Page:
Directors, managers: Your risk of “cartel conduct” criminal liability

“A cartel involves an agreement or concerted practice between two or more competitors to engage in fixing prices and/or trading conditions, dividing markets and/or collusive tendering.  By artificially limiting competition that would normally prevail between them, firms avoid exactly the kind of pressures that lead them to innovate, both in terms of product development and production methods. This results ultimately in high prices and reduced consumer choice.” (Competition Commission)

Government’s determination to crack down on cartel conduct is evidenced in the newly-introduced criminal liabilities imposed on individuals by amendments to the Competition Act.  Offending businesses already face substantial penalties, and now any director or manager of a business guilty of causing or permitting it to engage in a “prohibited practice” is also personally liable to prosecution, risking heavy fines (up to R500,000) and/or imprisonment (up to 10 years).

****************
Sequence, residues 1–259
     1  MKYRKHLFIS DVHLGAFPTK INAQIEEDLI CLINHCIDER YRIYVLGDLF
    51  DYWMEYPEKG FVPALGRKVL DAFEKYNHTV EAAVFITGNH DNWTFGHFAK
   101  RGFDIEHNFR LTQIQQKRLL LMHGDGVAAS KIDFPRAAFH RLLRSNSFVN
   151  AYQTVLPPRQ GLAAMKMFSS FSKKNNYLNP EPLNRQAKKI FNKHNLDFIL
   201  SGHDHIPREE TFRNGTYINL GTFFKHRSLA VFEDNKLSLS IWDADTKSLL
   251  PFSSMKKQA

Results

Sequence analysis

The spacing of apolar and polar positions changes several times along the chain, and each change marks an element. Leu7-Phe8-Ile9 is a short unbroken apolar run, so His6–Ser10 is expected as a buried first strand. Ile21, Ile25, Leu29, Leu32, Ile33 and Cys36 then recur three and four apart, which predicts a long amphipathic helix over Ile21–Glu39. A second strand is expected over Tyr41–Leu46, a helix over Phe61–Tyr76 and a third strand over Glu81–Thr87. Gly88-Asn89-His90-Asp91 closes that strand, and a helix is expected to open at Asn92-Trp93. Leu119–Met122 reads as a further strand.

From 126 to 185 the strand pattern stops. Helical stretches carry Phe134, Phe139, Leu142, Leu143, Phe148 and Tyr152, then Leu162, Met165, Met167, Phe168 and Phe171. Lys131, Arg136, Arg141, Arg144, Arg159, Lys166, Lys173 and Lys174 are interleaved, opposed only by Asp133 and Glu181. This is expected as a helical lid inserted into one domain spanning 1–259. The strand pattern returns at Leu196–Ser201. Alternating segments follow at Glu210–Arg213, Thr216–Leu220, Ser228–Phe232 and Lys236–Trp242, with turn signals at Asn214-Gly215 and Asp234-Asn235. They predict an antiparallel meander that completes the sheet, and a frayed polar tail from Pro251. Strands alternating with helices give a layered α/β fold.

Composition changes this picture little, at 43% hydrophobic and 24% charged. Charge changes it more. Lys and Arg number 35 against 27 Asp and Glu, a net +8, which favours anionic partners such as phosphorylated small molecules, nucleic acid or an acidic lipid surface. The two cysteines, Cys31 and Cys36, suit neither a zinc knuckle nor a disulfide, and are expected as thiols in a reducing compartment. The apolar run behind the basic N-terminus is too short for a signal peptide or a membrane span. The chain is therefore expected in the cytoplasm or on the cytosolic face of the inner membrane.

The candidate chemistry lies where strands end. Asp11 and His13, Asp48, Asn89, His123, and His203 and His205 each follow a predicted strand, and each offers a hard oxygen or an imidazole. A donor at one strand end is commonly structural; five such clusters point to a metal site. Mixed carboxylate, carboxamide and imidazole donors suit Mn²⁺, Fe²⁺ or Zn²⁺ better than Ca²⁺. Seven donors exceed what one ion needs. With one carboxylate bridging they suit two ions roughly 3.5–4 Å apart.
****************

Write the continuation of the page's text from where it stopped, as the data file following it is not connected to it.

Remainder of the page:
A “prohibited practice” here means “directly or indirectly fixing a purchase or selling price or any other trading condition”, “dividing markets by allocating customers, suppliers, territories, or specific types of goods or services”, or “collusive tendering”.

Legal commentators are suggesting that even more severe sanctions (possible life imprisonment, blacklisting from public tenders etc) imposed by separate anti-corruption legislation could also come into play.

Don’t forget also that these penalties for directors and managers personally are in addition to the existing and substantial penalties already faced by the businesses themselves.

Don’t take any chances here – get advice before embarking on any course of conduct which might be regarded as falling foul of these provisions.

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